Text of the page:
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Home Publications Blogs Beat the Press WAPO Tosses The Big Budget Numbers at Readers

WAPO Tosses The Big Budget Numbers at Readers

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Friday, 12 July 2013 04:59

How concerned are you that the House farm bill would spend $195 billion on farm subsidies over the next decade? How about the baseline of $740 billion for spending on food stamps. Would you be more or less concerned if the numbers were $19.5 billion and $74 billion? Would you have any idea what these numbers mean?

The government is projected to spend $47.2 trillion over the next decade. This makes the farm subsidies equal to 0.4 percent of projected spending. The $740 billion figure for food stamps would be less than 1.6 percent of projected spending. The Post article on the bill would have provided much more information to readers if it had expressed the spending figures as a share of the budget rather than as dollar amounts that have almost no meaning to anyone. 

Comments (3)Add Comment
How Many Octillion Grains of Sand Exist at the Margin Anyway?
written by Last Mover, July 12, 2013 7:19

Enough to disappear America's infrastructure into quicksand pits? Enough to create blinding windstorms in the dustbowl of the deep recession?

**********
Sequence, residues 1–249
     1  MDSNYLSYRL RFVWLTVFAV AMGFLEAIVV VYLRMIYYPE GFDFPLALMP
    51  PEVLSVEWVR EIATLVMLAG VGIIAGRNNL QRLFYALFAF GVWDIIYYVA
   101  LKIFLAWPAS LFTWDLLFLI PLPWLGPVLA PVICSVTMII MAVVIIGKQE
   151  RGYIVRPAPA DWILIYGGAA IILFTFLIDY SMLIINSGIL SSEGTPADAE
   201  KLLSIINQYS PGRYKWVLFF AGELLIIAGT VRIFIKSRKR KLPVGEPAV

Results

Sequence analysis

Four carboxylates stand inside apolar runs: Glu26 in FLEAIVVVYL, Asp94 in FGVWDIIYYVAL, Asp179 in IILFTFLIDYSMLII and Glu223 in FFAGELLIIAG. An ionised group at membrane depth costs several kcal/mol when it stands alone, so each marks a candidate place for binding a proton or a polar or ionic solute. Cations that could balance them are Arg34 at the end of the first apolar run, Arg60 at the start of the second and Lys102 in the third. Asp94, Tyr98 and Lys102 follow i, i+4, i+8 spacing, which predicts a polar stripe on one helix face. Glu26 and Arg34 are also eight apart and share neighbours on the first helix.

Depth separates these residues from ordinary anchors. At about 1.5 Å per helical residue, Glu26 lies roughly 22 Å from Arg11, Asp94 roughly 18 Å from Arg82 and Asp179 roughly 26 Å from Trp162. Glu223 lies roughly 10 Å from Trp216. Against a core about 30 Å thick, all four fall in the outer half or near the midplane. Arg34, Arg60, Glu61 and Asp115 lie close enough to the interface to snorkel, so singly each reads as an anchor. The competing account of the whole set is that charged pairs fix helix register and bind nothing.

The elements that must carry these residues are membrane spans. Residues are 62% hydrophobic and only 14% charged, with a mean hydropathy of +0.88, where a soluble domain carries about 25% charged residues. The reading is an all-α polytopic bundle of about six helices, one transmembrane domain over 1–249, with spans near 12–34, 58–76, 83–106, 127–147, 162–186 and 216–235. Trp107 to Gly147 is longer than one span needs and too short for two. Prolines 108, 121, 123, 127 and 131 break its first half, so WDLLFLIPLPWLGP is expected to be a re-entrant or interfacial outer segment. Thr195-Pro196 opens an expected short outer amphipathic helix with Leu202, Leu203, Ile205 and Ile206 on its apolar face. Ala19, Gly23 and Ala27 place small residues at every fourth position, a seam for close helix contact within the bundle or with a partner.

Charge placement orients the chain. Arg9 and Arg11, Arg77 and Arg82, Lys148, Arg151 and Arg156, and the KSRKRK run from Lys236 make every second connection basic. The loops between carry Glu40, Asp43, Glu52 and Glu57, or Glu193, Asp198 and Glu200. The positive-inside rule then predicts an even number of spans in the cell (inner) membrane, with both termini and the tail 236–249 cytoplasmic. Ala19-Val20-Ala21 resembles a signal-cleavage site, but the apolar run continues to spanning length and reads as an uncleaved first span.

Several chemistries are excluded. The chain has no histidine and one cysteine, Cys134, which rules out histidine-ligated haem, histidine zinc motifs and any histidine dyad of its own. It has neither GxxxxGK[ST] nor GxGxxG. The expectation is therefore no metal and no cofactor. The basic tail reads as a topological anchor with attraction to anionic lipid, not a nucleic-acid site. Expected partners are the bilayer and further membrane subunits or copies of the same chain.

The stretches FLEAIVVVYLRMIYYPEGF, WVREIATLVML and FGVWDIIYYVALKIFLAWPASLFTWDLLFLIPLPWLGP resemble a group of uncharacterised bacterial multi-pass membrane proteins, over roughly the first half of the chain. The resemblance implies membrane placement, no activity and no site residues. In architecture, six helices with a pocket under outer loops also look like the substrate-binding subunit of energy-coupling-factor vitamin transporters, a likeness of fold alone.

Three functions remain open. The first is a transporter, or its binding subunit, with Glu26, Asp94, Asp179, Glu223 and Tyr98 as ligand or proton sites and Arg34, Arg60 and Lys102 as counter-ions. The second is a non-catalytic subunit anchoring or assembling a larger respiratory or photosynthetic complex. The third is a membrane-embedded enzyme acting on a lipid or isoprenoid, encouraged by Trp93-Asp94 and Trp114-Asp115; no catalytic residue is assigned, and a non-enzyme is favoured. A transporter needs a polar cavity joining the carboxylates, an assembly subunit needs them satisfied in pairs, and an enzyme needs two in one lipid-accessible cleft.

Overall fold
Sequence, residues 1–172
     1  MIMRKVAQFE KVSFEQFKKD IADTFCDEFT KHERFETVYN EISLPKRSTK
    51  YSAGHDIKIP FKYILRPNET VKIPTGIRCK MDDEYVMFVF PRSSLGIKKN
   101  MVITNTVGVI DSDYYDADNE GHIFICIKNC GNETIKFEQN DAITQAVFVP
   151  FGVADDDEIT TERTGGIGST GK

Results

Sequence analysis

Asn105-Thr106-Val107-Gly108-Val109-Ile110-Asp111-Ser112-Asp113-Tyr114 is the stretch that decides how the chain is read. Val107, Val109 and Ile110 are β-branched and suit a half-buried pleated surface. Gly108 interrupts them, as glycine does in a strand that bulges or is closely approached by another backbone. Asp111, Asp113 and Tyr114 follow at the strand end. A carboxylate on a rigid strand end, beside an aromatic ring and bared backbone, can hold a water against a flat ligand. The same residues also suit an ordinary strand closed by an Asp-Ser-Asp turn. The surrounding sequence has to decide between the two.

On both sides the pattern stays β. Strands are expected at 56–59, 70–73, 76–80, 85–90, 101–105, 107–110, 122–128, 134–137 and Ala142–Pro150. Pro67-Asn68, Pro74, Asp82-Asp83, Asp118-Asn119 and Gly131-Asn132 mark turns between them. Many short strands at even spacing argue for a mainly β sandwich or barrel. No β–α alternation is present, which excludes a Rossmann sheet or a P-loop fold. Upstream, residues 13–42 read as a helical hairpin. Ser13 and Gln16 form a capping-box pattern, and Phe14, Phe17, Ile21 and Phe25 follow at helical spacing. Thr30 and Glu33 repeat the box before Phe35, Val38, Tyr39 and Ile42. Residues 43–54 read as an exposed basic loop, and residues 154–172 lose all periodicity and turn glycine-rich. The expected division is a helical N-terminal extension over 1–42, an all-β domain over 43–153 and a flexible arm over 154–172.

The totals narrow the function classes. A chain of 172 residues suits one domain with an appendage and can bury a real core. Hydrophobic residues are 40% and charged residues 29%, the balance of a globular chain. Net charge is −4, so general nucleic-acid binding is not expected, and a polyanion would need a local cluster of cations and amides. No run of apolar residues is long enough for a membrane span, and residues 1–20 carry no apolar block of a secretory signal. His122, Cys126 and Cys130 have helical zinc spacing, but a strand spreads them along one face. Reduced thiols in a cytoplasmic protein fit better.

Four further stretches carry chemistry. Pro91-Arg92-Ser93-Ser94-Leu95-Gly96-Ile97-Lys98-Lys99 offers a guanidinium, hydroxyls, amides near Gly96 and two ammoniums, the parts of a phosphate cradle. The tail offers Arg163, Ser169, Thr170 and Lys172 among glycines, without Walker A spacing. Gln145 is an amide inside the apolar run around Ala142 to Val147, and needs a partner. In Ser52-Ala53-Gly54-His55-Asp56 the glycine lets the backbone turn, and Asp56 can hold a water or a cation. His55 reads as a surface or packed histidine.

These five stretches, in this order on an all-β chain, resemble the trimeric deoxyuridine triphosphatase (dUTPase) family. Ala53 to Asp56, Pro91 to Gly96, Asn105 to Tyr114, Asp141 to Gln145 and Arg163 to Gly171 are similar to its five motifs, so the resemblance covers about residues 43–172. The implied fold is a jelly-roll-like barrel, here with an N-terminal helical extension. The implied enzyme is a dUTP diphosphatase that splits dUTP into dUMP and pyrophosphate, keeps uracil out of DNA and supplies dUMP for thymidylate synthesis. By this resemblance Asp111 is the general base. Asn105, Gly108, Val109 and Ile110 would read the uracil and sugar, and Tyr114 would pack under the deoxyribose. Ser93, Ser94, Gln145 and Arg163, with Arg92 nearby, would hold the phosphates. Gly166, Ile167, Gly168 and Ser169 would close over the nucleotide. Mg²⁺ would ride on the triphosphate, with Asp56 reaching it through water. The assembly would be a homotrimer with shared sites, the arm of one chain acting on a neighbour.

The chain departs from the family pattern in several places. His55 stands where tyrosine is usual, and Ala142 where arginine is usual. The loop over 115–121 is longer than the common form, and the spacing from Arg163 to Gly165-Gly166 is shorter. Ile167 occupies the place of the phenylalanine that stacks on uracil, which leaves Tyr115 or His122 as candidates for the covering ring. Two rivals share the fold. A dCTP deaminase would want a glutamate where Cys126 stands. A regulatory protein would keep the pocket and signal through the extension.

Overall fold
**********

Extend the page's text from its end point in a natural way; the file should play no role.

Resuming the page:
Wake up America. Stop fixating on the total. Economics is about the margin, the change in the total due to a change in octillions of sand grains.
...
written by Widgetmaker, July 12, 2013 12:42
Thanks, Dr Baker, for taking the time to point this out. I'm in total agreement. I get frustrated when I see people throw out such figures without any context - what is the point? Yet this is what is done all the time and no one, except you, says anything about it. It is good to know that there are a few people who get it.
Why do economists support the government budget ruse as more meaningful?
written by Perplexed, July 12, 2013 3:14
-"The government is projected to spend $47.2 trillion over the next decade. This makes the farm subsidies equal to 0.4 percent of projected spending. The $740 billion figure for food stamps would be less than 1.6 percent of projected spending."

Don't economists have the math skills to know the amount the government spends through tax expenditures? How about monopoly profit expenditures? Can they not develop reasonable estimates of other rents and add them up? When economists support the ruse and concealment of these "expenditures" why would they expect people to buy into these budget numbers (and percentages of them)as meaningful? Maybe "We the People" need specialists with better math skills to properly inform us of where the money actually goes in our economy. Why do we put up with this obfuscation of the real information needed to make governing decisions with?


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About Beat the Press

Dean Baker is co-director of the Center for Economic and Policy Research in Washington, D.C. He is the author of several books, his latest being The End of Loser Liberalism: Making Markets Progressive. Read more about Dean.

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